According to the results of a study published in Preventive Medicine, countries with higher levels of sunlight tend to have lower rates of endometrial cancer; this may be due the link between sunlight and vitamin D.

Endometrial cancer is the most common gynecologic cancer in women, with an estimated 39,000 new cased diagnosed in the U.S. in 2007.[[1]]( "_ednref1")

Factors that increase the risk of endometrial cancer include obesity, unopposed estrogen (estrogen given without progestin), early age at first menstrual period, late age at menopause, and tamoxifen. Pregnancy and use of oral contraceptives appear to decrease the risk of endometrial cancer.

Another factor that could potentially influence the risk of endometrial cancer is vitamin D. Vitamin D is a fat-soluble vitamin that comes from dietary supplements, foods such as fortified milk and cereal, certain kinds of fish (including salmon, mackerel, and tuna), and exposure to sunlight. Vitamin D is hypothesized to play a role in the prevention of several types of cancer.

Because sun exposure causes production of vitamin D in the skin, researchers explored how sun exposure and endometrial cancer rates varied across 107 countries.[[2]]( "_ednref2") The study used information about population averages (individual-level information was not collected).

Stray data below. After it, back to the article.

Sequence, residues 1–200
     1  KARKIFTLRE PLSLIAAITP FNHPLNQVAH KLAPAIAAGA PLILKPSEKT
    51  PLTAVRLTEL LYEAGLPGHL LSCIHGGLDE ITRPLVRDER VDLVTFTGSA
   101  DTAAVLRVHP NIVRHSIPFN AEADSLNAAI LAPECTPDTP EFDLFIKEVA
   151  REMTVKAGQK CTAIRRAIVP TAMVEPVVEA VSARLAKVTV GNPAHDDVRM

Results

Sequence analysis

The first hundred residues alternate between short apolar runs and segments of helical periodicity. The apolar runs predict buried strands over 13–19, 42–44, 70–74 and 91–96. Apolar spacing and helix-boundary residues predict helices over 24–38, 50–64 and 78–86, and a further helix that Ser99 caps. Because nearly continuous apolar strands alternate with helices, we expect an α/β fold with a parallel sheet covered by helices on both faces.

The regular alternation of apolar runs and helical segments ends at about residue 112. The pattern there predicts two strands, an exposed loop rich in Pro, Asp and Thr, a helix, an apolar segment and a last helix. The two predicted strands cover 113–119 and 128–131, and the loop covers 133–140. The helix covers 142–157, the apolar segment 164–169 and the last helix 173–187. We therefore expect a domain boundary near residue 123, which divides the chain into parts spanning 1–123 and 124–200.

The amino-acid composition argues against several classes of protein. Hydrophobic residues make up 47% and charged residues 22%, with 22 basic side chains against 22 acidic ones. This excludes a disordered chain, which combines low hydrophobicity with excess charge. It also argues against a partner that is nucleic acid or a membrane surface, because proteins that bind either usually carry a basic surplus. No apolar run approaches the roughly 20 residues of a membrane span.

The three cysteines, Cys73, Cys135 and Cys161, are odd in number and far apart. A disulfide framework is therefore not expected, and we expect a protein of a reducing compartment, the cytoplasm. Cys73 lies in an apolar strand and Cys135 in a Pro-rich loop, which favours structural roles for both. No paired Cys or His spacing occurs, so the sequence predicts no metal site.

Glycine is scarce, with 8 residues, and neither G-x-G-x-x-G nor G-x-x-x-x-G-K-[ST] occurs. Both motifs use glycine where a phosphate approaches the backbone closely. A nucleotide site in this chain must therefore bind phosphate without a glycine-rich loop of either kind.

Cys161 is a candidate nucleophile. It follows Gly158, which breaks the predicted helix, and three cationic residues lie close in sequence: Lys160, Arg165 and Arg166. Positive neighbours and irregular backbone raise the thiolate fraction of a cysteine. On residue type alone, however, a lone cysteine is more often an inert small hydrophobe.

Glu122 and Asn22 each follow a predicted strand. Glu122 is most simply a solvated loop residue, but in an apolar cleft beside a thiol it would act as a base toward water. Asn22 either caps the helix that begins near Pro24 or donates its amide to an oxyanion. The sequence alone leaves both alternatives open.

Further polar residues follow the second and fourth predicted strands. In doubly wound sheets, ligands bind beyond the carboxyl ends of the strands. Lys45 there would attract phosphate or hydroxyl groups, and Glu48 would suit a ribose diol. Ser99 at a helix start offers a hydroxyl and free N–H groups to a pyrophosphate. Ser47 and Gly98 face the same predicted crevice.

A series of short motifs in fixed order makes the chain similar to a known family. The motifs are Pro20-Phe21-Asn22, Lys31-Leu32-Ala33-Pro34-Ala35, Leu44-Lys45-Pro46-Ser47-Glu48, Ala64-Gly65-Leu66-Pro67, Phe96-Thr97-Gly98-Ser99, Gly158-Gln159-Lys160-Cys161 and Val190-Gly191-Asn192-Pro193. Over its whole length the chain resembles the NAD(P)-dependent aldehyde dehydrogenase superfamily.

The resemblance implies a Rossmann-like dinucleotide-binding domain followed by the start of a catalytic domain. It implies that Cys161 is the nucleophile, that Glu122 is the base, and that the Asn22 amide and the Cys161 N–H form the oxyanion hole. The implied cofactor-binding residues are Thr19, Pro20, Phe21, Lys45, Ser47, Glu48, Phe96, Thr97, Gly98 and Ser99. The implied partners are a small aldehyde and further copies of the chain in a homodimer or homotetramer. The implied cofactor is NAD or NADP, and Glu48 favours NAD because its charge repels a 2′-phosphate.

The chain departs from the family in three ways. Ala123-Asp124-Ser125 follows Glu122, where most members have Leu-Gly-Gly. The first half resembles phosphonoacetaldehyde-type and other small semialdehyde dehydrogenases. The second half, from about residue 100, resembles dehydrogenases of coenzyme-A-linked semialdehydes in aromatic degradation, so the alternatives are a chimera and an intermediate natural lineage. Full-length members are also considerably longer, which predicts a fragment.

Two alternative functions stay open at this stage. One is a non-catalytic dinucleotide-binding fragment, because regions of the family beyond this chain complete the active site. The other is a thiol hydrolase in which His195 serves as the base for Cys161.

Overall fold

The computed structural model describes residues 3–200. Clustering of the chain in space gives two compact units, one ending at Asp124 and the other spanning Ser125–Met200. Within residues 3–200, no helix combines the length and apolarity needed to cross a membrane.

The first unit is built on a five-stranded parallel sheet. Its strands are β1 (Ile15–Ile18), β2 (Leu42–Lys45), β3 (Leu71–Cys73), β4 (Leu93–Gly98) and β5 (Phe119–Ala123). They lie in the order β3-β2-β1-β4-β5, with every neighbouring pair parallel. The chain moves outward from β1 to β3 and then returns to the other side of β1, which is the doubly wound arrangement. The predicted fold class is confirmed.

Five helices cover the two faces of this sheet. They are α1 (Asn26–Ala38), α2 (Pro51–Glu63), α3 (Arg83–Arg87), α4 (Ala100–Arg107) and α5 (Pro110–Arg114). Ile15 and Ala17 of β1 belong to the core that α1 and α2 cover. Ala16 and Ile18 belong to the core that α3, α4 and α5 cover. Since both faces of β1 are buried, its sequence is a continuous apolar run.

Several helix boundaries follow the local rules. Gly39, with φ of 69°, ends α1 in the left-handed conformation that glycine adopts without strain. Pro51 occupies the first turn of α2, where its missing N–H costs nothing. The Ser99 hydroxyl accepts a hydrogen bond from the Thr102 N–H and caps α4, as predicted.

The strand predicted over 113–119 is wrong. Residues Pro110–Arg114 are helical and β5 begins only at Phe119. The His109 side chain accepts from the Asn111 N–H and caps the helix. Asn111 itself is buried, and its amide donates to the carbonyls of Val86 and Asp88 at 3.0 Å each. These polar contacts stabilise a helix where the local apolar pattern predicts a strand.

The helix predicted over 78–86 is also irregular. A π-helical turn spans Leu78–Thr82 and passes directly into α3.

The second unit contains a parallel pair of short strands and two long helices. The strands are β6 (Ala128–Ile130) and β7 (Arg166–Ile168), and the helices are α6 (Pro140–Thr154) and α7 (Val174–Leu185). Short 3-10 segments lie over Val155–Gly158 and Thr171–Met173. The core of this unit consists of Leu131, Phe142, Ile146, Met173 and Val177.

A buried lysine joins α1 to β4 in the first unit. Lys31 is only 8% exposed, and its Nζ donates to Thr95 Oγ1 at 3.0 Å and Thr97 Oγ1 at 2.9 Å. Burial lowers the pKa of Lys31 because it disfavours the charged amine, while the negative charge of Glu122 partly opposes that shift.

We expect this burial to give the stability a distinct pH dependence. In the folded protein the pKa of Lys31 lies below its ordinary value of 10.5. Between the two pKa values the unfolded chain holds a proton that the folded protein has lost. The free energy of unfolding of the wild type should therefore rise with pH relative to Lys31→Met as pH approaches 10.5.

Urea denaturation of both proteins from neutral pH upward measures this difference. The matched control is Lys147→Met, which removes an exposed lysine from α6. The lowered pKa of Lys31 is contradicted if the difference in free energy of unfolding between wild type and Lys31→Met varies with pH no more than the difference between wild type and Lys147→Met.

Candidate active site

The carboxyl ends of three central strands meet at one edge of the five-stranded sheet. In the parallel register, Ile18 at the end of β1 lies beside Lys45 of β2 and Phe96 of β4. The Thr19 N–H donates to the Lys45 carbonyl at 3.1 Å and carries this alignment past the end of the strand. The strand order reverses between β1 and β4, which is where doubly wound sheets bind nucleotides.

• Rates of endometrial cancer increased as latitude increased.
  • Countries with higher levels of obesity, higher intake of food from animal sources, and higher levels of per capita health expenditures also tended to have higher rates of endometrial cancer.

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This study suggests that sun exposure may reduce the risk of endometrial cancer, possibly as a result of increased vitamin D levels.


[[1]]( "_edn1") American Cancer Society. Cancer Facts & Figures 2007. Available at: (Accessed December 10, 2007).

[[2]]( "_edn2") Mohr SB, Garland CF, Gorham ED, Grant WB, Garland FC. Is ultraviolet B irradiance inversely associated with incidence rates of endometrial cancer: an ecological study of 107 countries. Preventive Medicine. 2007;45:327-31.

Related News:Additional Evidence that Estrogen Alone Increases the Risk of Endometrial Cancer(11/09/2006)

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